The Germans always seem to know how to do things right. From automobile engineering and financial banking right through to beer and festivals, the Germans have always been a step ahead. Looking from a musical angle, again it’s no different. Not only making landmarks with extreme precision in futuristic left-field techno and statements of grand beauty in classical musicianship, they’ve also been pioneers in exploring fluidity and pure organic creativity in the jam-filled krautrock genre. And if it’s game-changing psychedelic jam sessions you’re looking for, then look no further than Cologne based band Can. Standing among peers such as Faust and Neu!, Can took time to release a string of prolific records in the early 1970s that resonated deeply with a wide audience for years to come.
Ask a group of fans what their favourite Can release and there is the very likely chance they will all reply with different answers. They’d all be right to some extent. There’s a lot to celebrate within Can’s widely imaginative discography and I myself sometimes question what my favourite Can album is. Nevertheless, the one I keep coming back to the most is the undoubtedly legendary 1971 explosion, Tago Mago, which features the most revered lineup in the bands lucrative history. Influential to almost everything that came after, Tago Mago is so undeniably groovy and psychedelic that at times it’s scary. It’s measured insanity projected onto wax in the double album format.
Here, at the height of their experimentation, strange ideas are seemingly pulled out of nothing into fruition. Ideas that would normally ruin a song and sabotage any sense of cohesion continually pop up. Just what the hell is the weird jazz lounge piano that lasts for all of 20 seconds toward the start of Halleluwah? And why do the vocals at the start of Oh Yeah sound like the weird backwards talking from the cult TV show Twin Peaks? Chuck in a few dog barking samples into the already very weird Aumgn and I guess you’ve got yourself a song. While Can offer no such tangible answers to these musical decisions, the execution simply just fits.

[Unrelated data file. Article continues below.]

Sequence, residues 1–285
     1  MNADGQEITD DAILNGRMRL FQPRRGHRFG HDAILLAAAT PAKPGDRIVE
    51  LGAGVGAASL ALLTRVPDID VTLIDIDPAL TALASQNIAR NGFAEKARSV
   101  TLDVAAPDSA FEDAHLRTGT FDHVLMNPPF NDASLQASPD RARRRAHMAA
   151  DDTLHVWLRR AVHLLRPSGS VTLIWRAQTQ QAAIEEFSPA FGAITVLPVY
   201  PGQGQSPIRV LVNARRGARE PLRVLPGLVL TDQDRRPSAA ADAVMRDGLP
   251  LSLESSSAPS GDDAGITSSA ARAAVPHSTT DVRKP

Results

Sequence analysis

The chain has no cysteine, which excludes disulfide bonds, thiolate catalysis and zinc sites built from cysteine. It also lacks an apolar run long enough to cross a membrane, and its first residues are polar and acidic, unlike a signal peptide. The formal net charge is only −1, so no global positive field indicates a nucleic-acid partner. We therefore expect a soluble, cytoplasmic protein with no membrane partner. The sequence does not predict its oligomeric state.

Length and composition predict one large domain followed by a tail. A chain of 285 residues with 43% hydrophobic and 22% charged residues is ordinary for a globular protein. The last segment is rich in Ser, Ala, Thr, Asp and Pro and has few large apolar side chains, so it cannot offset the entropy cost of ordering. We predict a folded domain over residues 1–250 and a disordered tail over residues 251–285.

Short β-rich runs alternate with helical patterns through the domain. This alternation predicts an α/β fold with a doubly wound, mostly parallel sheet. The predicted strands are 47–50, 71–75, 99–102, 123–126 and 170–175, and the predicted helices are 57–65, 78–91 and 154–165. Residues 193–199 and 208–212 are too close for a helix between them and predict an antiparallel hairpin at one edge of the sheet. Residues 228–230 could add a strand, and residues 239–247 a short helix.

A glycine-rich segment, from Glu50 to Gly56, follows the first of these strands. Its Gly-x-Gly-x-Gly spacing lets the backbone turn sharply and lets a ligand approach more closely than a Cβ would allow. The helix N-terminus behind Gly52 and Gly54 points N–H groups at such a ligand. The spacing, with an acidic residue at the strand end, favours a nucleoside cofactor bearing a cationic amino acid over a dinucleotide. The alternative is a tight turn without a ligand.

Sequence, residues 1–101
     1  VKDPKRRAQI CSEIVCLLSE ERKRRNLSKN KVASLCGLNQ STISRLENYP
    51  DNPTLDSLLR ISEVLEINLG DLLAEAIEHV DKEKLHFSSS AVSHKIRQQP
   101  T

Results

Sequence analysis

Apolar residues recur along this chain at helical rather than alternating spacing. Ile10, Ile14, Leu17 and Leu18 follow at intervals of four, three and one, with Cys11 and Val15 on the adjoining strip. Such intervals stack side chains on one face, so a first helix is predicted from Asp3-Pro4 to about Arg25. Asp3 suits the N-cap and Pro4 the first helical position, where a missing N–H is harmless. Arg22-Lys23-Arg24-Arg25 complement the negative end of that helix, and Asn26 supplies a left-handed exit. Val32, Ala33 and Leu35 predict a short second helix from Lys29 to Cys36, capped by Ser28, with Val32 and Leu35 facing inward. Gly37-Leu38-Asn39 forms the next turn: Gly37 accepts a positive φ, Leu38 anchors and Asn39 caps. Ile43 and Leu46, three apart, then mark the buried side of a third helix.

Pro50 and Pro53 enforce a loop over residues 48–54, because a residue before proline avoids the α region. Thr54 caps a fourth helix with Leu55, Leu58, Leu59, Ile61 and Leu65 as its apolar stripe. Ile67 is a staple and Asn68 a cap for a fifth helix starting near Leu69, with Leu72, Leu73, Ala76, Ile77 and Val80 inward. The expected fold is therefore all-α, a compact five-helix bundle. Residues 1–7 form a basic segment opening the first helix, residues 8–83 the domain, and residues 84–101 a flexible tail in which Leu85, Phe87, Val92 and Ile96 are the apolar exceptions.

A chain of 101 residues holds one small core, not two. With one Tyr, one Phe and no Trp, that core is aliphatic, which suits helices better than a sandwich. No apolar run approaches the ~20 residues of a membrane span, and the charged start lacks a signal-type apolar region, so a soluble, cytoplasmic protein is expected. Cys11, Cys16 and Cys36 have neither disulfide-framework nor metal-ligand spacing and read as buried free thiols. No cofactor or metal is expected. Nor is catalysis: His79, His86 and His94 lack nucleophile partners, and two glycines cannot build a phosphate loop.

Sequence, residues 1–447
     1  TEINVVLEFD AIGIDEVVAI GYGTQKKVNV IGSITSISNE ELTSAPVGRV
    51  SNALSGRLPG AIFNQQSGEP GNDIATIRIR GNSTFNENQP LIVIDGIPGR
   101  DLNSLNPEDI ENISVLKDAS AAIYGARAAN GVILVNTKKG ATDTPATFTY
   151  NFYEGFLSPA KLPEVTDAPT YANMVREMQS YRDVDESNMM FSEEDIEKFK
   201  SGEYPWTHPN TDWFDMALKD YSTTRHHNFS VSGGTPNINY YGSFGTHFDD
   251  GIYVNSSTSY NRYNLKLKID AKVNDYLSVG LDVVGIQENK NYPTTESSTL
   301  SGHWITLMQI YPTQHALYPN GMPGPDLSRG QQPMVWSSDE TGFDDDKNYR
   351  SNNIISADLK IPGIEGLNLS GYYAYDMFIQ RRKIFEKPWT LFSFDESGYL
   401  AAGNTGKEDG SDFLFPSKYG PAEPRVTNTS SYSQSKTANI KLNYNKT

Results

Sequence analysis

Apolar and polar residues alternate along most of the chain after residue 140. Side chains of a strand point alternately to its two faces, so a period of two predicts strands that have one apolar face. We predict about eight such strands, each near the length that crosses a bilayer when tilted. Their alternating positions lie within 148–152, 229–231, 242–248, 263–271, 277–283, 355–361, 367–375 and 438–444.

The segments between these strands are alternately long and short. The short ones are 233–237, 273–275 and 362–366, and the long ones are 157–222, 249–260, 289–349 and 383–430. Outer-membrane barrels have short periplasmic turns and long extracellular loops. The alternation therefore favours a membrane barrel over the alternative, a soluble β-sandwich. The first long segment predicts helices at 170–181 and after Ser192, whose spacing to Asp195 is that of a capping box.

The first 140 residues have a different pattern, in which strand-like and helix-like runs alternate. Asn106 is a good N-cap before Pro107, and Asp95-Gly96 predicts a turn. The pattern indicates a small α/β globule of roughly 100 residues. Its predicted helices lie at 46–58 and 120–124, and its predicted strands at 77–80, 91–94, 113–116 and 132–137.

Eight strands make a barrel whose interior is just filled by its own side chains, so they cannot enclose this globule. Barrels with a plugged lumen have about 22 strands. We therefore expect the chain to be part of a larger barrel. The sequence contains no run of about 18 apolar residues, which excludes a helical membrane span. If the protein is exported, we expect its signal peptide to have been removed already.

While there’s no mistaking that yes, Tago Mago is an experimental piece of rock music, it isn’t completely inaccessible by any means. Paperhouse and Oh Yeah tease every sense with their energetic, rainbow-filled explorations of groove that will shake even the most hesitant of listeners. The ecstatic guitar/keyboard combination keeps rising to new heights as Damo Suzuki bursts with liveliness in his vocal performance. Mushroom retains the era’s classic psychedelic sound while on Halleluwah, the tugging bass lines drive the song forward for an entrancing, deserved 18 minute runtime. Tying everything together are the consistently fantastic drum fills which sound so full, funky and inventive that it’s hard to believe there’s only one drummer in the band.
The second half of the album is where things become unmistakably weird, perhaps the product of some of the band’s LSD-fuelled adventures. Aumgn indeed sounds like the journey through some offhand spacey trip, fleeting passages of violin, whistles and echoey vocals coming and going at will. Peking O on the other hand, could easily be mistaken for a weird electronic hit. This is of course, in an alternate universe where using way-too-fast drum patterns and screaming at the top of your lungs in the midst of improvised keyboard playing is considered mainstream. It’s no surprise then that live and alternate recordings of the songs on Tago Mago are regularly so different that they’re virtually unrecognisable. In fact, they’re often even better than the wonderful studio recordings found here.
It’s the calm fusion of the unique experimentation and the infinitely pleasuring grooves that makes Tago Mago such an enduring record. Without each other, the two halves would merely be fantastic, but together they’re quite transcendent. Lesser musicians would struggle for years down the track to match the pure unbridled fun that Can clearly have on this record. A perfect example of how hypnotic repetition and a bunch of mad Germans rocking out can lead to something great, Tago Mago still and always will inspire anyone who has the patience to sink deep into its funky rhythms.